Piracy

Filmmakers Want ‘Leaseweb’ to Hand Over the Identities of Pirate Customers

Written by Bill Toulas
Published on August 27, 2021

Yet another case of an internet service provider being pressed by copyright holders to do more to tackle piracy on its customer base has emerged in the U.S., as a group of movie studios has obtained a subpoena that obliges ‘Leasweb’ to give away identification details on 456 of its customers. Those users have been confirmed to be very prolific in sharing movies via BitTorrent, but the filmmakers only hold their IP addresses for now.

Leaseweb is a Dutch cloud computing and web services company that has remained neutral in the fight between rightsholders and pirates. In February 2019, they offered 14.4 petabytes of internet bandwidth to the Tribler torrent sharing project, and in 2013, they supported Megaupload with 630 servers. Whatever the movie companies think of these moves, they surely don’t believe that Leaseweb affords to keep a neutral stance, so they are now forcing them to do more whether they like it or not.

The group of the filmmakers requested Leaseweb to terminate its services to the 456 customers they had identified via a letter sent to the company back in October 2020. This was offered as a way to settle the case outside of court, and it also involved a term on paying for the damages incurred by the copyright violations. As it seems, though, Leaseweb didn’t agree to the terms and declined the offer, so the plaintiffs escalated their actions.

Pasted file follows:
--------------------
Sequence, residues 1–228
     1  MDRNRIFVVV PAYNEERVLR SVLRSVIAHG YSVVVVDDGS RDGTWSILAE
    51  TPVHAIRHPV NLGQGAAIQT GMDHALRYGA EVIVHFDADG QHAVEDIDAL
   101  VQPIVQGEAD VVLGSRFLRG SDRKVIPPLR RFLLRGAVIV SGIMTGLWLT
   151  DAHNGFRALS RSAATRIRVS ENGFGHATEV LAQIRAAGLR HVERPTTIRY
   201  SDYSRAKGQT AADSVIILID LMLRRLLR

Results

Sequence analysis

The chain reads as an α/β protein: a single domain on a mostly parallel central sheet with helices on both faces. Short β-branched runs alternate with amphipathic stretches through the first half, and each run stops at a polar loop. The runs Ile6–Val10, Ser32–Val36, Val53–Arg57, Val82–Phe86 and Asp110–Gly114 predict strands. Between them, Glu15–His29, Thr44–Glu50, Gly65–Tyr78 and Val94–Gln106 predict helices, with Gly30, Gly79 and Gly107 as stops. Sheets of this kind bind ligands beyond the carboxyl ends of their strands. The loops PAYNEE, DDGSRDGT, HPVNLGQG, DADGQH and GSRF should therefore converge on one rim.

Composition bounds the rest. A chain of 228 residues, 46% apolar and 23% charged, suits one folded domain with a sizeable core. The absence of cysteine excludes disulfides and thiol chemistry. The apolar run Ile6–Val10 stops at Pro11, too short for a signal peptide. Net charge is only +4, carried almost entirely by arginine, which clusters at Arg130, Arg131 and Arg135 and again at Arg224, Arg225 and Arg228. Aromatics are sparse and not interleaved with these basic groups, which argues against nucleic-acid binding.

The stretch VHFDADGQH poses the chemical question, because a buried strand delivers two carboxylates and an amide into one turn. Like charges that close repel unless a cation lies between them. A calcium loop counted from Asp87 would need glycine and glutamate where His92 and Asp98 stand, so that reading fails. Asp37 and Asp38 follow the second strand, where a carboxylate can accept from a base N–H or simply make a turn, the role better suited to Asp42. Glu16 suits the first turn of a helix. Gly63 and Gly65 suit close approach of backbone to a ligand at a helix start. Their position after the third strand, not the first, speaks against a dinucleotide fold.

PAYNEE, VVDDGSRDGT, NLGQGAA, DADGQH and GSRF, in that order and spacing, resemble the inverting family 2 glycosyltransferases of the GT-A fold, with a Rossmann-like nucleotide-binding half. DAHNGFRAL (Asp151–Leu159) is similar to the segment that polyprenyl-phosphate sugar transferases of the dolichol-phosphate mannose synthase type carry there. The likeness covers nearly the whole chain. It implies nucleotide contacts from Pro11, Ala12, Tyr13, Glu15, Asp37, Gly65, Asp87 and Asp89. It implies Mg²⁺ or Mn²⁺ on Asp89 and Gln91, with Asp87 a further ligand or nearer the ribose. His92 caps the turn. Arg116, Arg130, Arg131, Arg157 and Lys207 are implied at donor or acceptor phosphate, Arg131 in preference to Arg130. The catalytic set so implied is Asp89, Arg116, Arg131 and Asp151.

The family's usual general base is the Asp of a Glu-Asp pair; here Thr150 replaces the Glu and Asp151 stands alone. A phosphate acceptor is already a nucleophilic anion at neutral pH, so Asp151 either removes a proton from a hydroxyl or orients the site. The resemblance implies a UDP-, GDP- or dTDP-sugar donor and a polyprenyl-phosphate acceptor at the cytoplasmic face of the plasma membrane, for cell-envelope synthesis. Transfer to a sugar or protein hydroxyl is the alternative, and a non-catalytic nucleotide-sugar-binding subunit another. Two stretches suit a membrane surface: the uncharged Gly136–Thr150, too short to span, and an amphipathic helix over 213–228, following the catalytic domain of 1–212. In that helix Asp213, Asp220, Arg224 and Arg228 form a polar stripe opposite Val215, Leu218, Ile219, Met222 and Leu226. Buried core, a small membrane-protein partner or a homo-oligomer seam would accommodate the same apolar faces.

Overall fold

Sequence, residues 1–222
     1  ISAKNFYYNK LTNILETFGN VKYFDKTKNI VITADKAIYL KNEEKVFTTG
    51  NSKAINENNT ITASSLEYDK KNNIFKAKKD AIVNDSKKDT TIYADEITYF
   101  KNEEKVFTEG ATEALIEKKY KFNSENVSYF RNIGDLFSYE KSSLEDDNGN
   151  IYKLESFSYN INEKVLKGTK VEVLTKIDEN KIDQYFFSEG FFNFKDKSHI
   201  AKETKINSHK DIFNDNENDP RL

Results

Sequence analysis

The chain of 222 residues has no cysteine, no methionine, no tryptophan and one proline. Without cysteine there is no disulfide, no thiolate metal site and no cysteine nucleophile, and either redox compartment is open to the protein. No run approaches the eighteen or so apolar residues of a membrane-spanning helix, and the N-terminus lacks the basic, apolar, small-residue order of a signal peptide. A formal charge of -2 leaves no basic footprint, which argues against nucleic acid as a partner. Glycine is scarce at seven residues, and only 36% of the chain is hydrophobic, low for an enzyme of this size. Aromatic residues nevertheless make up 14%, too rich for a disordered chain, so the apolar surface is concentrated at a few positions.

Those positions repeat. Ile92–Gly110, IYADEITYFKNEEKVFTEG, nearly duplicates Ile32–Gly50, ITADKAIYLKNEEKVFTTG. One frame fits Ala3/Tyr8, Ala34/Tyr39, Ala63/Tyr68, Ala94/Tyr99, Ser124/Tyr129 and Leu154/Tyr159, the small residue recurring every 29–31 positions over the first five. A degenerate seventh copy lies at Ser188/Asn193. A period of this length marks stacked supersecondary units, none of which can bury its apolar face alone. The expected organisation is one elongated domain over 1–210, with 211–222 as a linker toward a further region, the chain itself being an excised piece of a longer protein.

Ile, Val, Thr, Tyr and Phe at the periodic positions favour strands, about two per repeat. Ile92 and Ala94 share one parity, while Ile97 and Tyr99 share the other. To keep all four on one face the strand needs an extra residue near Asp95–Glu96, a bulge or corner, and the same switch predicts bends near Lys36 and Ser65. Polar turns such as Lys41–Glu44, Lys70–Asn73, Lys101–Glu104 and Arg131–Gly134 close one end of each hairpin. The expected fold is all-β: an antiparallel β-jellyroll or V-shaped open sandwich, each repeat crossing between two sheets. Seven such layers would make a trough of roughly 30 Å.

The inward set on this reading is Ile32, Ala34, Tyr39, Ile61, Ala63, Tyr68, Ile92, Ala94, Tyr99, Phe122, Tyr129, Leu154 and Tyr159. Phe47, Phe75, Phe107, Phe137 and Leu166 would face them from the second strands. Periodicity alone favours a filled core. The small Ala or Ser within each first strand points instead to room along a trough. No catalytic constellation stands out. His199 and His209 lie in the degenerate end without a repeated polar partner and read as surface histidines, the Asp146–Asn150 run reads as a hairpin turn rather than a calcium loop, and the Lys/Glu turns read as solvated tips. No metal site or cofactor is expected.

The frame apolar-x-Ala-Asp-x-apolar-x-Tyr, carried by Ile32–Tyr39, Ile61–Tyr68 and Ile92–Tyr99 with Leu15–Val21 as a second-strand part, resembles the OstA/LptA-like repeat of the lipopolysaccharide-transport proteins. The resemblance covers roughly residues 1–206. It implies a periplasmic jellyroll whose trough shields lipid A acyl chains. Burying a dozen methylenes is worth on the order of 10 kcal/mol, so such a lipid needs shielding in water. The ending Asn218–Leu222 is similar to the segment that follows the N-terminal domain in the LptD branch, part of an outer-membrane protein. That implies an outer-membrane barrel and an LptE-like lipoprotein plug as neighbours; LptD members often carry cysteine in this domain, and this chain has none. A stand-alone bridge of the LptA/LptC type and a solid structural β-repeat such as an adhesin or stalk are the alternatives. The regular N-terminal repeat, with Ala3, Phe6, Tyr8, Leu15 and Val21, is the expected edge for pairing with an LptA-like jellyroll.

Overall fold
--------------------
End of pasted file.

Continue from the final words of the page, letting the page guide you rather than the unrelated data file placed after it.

The approval of the DMCA subpoena obliges Leaseweb to give away the following details about the targeted subscribers:

Source: TorrentFreak

If Leaseweb holds valid information on these 456 customers, the group of moviemakers could use it to launch legal action against the pirates. However, this is rarely the case as operators of notable pirate platforms know how to hide their identities from service providers as they know they can’t rely on the determined resistance of these companies to data requests. It is seldom the case that these subpoenas ever yield anything useful for a widespread legal action to manifest, but as always, we’ll have to wait and see.



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